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I have a question about one of my homework question. I have been struggling for a while and I really need some help.

Assume $N>2$ and $u_k$ is a bounded sequence in $W^{1,2}(\mathbb{R}^N)$ satisfying: \begin{equation} \lim_{k\rightarrow\infty}\sup_x\int_{B_1(x)}\lvert u_k(z)\rvert^2dz=0 \end{equation} I need to show $u_k\rightarrow0$ in $L^q$ for any $q\in (2,\frac{2N}{N-2})$.

I could easily show that $u_k\rightarrow_{L^q}0$ holds on any bounded subset of $\mathbb{R}^N$ (using either Holder Inequality or compact embedding of sobolev spaces for bounded sets). But I cannot extend that to $\mathbb{R}^N$.

I will be very thankful if someone can give me some hint.

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  • $\begingroup$ Do you know if the same limit is true for $q$ instead of $2$? $\endgroup$ – Tomás Mar 10 '14 at 16:57
  • $\begingroup$ I am almost sure it's not true for $q=2$. For example, let $\rho$ be a compact support smooth function and define $u_k(x)=k\rho(x/k)$. I think it's easy to verify that the assumptions hold for $u_k$'s but the claim is not true for $q=2$ in this case. $\endgroup$ – Cohlan Mar 11 '14 at 22:52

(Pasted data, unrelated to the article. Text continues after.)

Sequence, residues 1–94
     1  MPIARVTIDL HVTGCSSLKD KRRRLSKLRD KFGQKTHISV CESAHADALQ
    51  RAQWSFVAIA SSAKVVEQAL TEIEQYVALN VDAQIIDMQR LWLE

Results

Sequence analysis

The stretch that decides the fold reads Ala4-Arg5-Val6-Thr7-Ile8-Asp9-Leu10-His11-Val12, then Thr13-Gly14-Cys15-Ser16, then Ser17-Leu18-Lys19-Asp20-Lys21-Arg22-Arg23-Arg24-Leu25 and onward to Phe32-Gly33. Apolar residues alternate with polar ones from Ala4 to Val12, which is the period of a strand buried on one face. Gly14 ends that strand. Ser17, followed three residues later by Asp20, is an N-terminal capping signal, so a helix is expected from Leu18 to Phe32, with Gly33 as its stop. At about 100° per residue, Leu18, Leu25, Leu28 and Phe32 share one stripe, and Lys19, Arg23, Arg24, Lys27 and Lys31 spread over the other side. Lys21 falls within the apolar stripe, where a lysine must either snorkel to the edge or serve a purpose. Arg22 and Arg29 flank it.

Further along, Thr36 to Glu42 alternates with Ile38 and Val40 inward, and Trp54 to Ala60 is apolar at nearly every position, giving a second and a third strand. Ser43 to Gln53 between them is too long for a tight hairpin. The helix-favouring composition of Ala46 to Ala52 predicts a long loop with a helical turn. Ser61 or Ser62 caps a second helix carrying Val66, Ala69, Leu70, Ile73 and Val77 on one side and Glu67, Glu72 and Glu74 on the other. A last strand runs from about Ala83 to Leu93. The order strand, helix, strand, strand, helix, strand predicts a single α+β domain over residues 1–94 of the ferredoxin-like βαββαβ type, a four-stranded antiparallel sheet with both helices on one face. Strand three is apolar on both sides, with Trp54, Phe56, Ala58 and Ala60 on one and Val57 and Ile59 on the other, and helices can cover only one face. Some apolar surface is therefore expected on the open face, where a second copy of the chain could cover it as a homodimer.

• $\begingroup$ Tomás is not asking about replacing $q$ with $2$, he asked about replacing $2$ with $q$ in the formula with $\lim_{k\to\infty} \sup_x$. $\endgroup$ – user127096 Mar 12 '14 at 6:47
  • $\begingroup$ Oh I see I am sorry. I think you are right. Because we can use Holder Inequality, Sobolev Inequality and boundedness of $u_k$'s to see $\lvert\lvert u_k \rvert\rvert_{L^q(B_1)}\leq \lvert\lvert u_k \rvert\rvert^\alpha_{L^2(B_1)}\lvert\lvert u_k \rvert\rvert^{1-\alpha}_{L^{2N/N-2}(B_1)}\leq\lvert\lvert u_k\rvert\rvert^\alpha_{L^2(B_1)} M$ for some $M$ and $\alpha$ $\endgroup$ – Cohlan Mar 12 '14 at 17:23

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